These units can cost upwards to 4000 dollars installed. They can come with a ten year warranty. This is usually the cost for an 18000 BTU unit, but the smaller 12000 BTU units can come in allot cheaper. You can talk to your refrigeration expert about the process. An outside breaker, for safety is required in some provinces. They can be pad mounted, or mounted on your home foundation. The ten year warranty is great, as it is offered in some areas depending on where you live.
I always thought that these air to air heat exchangers were never that efficient. I thought they would only work good in the fall, or in the spring. I guess I was wrong. All that happens, is the refrigerant is pumped through as a liquid through coils at a lower pressure and temperature than the outside air. A fan pushes outside air over the coils. The outside air, gives up its heat to the liquid in the coils. The liquid evaporates, and is pushed into the homes air exchange unit. There, a fan blows over coils that release the heat into the room where it is set up.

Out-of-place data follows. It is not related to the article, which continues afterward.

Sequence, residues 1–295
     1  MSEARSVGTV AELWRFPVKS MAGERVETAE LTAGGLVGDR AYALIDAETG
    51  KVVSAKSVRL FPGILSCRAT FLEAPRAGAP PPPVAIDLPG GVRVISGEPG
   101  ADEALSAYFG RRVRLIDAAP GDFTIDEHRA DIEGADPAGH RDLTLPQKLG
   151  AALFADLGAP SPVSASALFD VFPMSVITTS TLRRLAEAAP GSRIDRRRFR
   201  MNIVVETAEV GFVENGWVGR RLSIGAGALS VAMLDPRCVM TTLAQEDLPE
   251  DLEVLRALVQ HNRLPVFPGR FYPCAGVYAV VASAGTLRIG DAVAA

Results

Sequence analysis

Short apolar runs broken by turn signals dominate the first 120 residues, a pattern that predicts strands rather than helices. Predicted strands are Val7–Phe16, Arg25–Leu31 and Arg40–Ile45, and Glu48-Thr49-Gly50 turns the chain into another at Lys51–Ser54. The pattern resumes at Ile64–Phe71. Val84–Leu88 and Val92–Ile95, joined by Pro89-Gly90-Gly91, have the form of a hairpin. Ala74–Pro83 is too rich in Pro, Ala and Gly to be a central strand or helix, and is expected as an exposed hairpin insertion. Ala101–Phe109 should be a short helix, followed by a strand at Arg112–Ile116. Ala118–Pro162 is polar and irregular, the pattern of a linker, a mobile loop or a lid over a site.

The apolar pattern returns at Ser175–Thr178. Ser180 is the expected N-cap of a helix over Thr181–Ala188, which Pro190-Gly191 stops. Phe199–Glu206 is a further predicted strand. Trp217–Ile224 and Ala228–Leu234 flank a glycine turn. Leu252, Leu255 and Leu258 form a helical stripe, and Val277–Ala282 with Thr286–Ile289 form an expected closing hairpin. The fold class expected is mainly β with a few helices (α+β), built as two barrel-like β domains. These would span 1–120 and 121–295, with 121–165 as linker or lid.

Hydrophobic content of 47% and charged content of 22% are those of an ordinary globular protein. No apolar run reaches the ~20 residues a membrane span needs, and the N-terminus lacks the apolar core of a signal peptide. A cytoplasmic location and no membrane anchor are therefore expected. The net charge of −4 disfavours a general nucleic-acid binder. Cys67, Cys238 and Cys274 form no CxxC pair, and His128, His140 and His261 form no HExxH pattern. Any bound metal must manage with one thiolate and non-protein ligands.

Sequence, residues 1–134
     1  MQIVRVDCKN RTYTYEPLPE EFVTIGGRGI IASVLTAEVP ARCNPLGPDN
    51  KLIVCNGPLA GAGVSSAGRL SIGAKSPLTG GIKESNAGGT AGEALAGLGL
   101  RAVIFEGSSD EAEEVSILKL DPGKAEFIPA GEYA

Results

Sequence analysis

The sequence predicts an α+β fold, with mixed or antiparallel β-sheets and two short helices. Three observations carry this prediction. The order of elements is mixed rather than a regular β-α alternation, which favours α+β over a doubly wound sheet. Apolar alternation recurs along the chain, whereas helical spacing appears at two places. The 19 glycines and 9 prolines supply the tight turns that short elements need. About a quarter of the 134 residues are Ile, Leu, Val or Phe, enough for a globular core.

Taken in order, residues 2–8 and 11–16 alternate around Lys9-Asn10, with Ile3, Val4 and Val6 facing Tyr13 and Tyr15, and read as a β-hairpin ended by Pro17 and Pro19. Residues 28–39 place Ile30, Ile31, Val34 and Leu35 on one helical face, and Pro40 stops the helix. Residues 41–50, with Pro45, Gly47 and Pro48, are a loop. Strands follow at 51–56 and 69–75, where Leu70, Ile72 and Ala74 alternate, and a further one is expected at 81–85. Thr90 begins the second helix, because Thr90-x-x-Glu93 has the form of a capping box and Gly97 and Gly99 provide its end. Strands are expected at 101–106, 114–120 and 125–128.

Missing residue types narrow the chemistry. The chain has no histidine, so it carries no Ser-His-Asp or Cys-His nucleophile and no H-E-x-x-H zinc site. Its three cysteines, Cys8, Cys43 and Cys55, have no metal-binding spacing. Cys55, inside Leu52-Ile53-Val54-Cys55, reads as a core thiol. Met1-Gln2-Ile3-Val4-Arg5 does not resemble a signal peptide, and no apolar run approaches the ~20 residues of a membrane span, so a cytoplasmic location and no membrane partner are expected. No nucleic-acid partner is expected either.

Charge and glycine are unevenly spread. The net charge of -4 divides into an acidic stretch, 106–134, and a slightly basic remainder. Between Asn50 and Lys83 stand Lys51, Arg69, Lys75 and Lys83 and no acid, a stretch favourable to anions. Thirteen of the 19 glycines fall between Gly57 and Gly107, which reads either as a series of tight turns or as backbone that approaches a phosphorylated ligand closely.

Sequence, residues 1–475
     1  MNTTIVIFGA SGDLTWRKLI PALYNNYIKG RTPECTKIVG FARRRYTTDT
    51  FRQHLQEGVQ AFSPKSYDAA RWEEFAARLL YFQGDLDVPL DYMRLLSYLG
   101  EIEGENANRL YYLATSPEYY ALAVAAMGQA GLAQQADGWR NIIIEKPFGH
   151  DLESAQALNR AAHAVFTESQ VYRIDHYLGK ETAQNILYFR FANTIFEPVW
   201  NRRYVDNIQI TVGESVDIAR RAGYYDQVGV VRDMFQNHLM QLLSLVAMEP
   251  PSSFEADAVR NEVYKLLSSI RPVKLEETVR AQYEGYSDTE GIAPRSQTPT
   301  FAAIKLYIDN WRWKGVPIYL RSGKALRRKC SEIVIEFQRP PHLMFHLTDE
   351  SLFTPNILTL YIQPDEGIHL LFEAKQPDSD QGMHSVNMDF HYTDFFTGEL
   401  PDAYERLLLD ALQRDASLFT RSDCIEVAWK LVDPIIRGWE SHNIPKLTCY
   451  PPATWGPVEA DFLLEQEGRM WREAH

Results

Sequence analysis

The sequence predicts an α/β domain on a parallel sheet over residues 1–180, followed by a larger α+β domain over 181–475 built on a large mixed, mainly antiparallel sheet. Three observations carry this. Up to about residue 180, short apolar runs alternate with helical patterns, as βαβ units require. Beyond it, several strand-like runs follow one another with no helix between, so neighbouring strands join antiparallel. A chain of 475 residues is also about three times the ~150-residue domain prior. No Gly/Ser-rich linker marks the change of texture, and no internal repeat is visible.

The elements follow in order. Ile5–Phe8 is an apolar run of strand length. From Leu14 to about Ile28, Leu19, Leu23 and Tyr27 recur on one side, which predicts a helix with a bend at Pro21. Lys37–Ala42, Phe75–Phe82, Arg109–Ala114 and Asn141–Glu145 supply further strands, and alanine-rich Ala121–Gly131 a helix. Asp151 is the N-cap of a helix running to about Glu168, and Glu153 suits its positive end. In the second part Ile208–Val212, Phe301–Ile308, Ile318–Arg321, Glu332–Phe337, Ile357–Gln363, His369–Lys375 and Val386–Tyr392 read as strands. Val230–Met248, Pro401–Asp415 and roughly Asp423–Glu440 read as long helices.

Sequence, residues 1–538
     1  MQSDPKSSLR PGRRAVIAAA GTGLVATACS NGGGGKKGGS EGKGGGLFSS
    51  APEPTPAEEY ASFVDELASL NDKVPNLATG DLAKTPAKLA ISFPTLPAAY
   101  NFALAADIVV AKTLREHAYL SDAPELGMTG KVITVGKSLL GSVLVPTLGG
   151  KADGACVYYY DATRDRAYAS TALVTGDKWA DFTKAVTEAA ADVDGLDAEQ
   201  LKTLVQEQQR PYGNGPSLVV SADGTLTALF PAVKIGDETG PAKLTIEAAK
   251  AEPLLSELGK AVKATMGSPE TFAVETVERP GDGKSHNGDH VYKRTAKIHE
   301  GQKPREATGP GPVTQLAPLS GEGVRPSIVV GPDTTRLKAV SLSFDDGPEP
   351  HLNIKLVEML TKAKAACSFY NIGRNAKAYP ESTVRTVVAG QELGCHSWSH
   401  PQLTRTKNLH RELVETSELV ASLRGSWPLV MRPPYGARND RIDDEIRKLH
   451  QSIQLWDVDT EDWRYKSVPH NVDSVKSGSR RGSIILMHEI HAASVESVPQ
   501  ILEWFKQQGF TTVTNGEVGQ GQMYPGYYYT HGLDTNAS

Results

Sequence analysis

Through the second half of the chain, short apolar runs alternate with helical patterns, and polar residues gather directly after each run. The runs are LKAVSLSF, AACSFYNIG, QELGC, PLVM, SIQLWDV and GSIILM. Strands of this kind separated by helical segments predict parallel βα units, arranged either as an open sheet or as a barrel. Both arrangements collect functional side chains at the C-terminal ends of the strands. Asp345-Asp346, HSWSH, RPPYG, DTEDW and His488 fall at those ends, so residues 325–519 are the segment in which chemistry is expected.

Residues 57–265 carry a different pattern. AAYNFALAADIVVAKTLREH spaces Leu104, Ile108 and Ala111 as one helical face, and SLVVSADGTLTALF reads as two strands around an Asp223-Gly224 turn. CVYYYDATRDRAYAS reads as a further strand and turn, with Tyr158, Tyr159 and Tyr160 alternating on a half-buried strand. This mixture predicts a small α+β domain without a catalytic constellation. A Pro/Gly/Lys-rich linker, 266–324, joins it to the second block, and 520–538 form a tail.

The only downside, I have heard of some neighbors complaining about a little noise from the units when running. Maybe it is the defrost cycle in the winter, that causes the noise. But this is a rare complaint. Also, read your manual that comes with the unit. As it suggests not to run it a certain minus temperature. This is perhaps due to the coils frosting up, and perhaps the ice could build up enough to hit the blades.
I may get one this year. Or this fall. It is good for the summer also, as you can reverse the function of the unit and let it cool your room in the summer time. I have no problem in my house so far, with it being overly hot. But, the heat in the winter would surely come in handy to reduce the power bill. Also, these units are coming down in price, as time goes bye. As more people get into the business of installing them, so does the price come down.
I hope you all have a good evening, till next time...